The next day my break-out panel on data storage was bright and early but I had a good time working with our panel moderator, Jean Bozman of Cloud Architects Advisors, and fellow panelists Wim De Wispelaere of Western Digital and Javier Gonzalez of Samsung.

The title of my presentation was “Leveraging Tape to Support Primary Flash Storage.” My very basic agenda covered the following points:

  • While flash technology has been around for 35 years, tape is celebrating 70 years. Why is that?
  • Healthy capacity shipment forecast for tape with CAGR of 19%, according to TrendFocus
  • Price relationships between SSD, HDD and tape (see chart below)
  • CO2 relationships between SSD, HDD and tape (see chart below)
  • Reliability relationships between SSD, HDD and tape (see chart below)
  • The evolving storage pyramid with hot, warm and cold tiers of data
  • Fujifilm/IBM tape tech demos featuring Strontium Ferrite at 580 TB native capacity
  • The LTO roadmap featuring LTO-12 at 144 TB native capacity
  • And finally my conclusion: It’s not about flash vs. disk vs. tape, it’s about storage optimization. Getting the right data in the right place at the right time, and the right energy profile and cost!

So that’s how you leverage tape to support primary flash storage. You move cold data that’s gone static and inactive but can’t be deleted, from expensive, energy intensive primary storage tiers to low cost, eco-friendly tiers of storage like tape. An IBM executive once said, “the best way to afford more flash is to deploy tape systems.”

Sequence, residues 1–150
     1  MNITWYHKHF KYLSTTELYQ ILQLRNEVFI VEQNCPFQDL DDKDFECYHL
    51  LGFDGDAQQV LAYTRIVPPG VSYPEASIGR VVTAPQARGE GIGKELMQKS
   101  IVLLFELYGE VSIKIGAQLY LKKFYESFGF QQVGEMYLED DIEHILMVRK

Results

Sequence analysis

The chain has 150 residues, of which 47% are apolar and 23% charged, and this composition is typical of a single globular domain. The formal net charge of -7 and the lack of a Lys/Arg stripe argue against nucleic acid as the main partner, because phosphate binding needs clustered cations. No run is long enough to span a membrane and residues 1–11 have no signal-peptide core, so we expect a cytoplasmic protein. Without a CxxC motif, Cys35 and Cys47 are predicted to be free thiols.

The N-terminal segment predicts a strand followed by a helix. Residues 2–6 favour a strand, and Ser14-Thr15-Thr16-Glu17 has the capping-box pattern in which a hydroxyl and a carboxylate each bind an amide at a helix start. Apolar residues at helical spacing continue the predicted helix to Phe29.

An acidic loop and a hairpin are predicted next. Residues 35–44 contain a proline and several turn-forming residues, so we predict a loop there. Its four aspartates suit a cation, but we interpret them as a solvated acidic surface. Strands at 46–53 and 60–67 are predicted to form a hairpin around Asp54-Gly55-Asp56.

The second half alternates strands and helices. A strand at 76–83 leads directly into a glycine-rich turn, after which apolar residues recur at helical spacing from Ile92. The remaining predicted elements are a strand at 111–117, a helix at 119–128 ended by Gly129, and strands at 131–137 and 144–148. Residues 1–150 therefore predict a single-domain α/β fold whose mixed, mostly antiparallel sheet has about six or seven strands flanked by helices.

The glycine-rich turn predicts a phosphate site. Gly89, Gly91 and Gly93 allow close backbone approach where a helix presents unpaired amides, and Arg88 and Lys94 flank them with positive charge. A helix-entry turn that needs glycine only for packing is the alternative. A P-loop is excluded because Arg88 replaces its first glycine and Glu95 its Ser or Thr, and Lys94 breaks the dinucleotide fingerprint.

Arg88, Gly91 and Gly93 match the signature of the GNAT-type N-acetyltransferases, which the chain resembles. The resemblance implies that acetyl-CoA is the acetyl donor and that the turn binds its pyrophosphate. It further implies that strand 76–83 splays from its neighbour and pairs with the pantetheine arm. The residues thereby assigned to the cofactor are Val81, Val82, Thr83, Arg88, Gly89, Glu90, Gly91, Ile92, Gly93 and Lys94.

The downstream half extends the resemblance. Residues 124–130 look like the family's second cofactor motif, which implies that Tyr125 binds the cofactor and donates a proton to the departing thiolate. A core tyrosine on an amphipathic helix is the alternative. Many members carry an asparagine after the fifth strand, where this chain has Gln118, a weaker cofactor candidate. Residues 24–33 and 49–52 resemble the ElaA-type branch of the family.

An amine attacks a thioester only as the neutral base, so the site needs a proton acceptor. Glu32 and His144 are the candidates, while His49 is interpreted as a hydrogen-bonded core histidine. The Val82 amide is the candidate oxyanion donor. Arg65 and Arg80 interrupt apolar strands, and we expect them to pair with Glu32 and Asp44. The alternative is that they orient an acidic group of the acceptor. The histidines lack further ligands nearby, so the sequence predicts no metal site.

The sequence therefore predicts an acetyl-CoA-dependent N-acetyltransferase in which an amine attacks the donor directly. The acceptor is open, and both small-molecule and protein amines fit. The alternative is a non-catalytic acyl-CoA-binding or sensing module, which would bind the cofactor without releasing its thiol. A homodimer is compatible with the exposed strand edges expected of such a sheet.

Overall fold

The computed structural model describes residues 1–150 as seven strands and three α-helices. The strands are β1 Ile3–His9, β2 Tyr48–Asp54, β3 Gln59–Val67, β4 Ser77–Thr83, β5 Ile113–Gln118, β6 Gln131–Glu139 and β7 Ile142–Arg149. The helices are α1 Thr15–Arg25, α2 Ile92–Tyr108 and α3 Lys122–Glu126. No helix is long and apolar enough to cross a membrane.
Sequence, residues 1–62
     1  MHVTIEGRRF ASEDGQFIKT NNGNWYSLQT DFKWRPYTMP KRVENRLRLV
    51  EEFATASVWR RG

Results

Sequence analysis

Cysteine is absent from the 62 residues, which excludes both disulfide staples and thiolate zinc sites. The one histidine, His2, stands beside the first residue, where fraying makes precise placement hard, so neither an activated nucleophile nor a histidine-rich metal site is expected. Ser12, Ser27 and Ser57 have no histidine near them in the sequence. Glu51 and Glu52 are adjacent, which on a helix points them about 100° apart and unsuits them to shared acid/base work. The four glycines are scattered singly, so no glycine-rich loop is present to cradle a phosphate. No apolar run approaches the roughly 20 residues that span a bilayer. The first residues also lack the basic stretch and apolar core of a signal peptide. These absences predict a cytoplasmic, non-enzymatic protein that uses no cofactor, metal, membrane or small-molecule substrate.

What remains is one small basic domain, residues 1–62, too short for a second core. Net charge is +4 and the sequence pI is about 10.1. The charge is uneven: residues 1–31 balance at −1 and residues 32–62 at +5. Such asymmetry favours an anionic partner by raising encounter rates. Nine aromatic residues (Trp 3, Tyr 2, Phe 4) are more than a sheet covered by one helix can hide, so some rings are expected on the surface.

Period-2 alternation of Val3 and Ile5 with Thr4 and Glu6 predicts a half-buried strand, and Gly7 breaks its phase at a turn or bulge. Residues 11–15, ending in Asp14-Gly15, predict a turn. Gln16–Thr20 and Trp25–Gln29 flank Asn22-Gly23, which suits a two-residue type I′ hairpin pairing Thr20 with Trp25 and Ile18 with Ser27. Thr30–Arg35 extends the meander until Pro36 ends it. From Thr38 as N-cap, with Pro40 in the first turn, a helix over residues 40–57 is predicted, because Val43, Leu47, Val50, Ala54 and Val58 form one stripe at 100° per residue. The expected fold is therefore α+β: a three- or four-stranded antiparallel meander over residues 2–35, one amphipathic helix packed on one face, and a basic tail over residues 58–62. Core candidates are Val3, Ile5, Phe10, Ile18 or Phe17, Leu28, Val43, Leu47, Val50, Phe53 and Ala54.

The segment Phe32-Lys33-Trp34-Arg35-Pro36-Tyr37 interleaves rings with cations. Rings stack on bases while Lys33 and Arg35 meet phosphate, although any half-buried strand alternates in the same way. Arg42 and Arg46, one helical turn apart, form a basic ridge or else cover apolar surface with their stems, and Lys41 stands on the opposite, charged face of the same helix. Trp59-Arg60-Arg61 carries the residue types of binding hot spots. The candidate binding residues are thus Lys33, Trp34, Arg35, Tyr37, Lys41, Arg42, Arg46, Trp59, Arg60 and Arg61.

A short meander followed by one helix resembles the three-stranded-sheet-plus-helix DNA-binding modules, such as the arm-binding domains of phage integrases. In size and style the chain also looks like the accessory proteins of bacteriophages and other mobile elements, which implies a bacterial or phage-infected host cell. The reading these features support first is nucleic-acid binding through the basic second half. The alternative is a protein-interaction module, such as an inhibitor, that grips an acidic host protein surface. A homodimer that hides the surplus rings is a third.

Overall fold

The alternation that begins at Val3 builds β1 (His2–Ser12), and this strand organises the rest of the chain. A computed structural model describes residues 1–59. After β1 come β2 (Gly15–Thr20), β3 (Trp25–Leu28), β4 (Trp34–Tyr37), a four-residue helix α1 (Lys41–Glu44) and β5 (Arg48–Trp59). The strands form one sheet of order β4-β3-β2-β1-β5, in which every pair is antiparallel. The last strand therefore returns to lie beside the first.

Explosion of Data That Needs to Be Stored

After our data storage panel, I attended the larger general session keynote presentations from the big flash companies like Kioxia (formerly Toshiba), Western Digital, Samsung, SK Hynix, Marvell, Intel and others.

What struck me was the amazing amount of innovation happening in CPUs, GPUs, DPUs and memory at the very top of the “pyramid” such as SRAM, DRAM and SCM (storage class memory). New data intensive workloads and applications are exploding including real-time analytics, AI/ML, VR/AR, IoT, HPC, and cybersecurity just to name a few. In support of these workloads and applications, significant advances are happening in speed, cost performance, power consumption, and scalability.

This, of course, is increasing not only the amount of data that is being generated, but increasing its value as well. Increasing amounts of valuable data will need to be stored for longer periods of time. The more data we can save the better for analytics. But in order to do this cost effectively, reliably and in an energy conscious manner, the industry is going to need increasing amounts of archival storage like tape (think active archive), DNA (think deep archive) and maybe yet to be developed hybrid or new storage solutions.

So that’s why tape and DNA were at Flash Memory Summit and why we hope to see more dedicated archival content at FMS 2023.